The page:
UK drug giant GlaxoSmithKline has ended a Phase IIb study of an HIV drug discovered by Japan’s Ono Pharmaceuticals - ONO-4128/873140 - following the emergence of potential safety issues, it was revealed yesterday.
The UK group has received reports of elevated liver function test values in these clinical trials and, after review of these findings with the US Food and Drug Administration, has terminated trials of the agent in treatment-naive patients.
According to Ono, GSK plans to continue its ongoing Phase III studies involving treatment-experienced patients, but will make changes to its protocol including patient inclusion/exclusion criteria. Participants will be monitored closely for signs or symptoms of liver toxicity and/or elevations in liver function tests.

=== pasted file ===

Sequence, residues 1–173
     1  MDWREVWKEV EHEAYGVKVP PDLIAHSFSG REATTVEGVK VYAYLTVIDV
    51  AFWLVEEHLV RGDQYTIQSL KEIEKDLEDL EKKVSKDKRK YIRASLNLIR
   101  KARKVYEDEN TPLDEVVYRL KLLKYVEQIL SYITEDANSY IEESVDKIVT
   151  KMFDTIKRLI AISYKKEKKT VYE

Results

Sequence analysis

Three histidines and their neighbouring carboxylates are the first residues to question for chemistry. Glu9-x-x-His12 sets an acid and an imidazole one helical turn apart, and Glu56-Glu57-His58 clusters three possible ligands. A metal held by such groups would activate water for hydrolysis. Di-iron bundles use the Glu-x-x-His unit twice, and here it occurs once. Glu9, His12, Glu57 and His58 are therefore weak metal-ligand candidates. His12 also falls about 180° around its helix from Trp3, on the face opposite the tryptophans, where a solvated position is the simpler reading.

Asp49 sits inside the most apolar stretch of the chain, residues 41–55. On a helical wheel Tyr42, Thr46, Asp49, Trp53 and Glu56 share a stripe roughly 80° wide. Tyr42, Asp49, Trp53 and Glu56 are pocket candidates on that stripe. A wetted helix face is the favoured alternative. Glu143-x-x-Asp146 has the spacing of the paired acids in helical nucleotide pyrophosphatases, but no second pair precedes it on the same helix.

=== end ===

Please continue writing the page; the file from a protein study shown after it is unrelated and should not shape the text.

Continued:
ONO-4128/873140, which was discovered by Ono and licensed to GSK under an agreement signed in December 2002, appears to block the entry of HIV into human cells through a new mechanism of action that is totally different from those of currently available antiretroviral drugs, the Japanese group noted.
Under the terms of the groups’ agreement, GSK holds exclusive worldwide development, manufacturing and commercialisation rights for ONO-4128 and certain associated compounds. In return, Ono will receive clinical and regulatory milestone payments related to the drug’s progress, as well as royalties based on total worldwide annual net sales.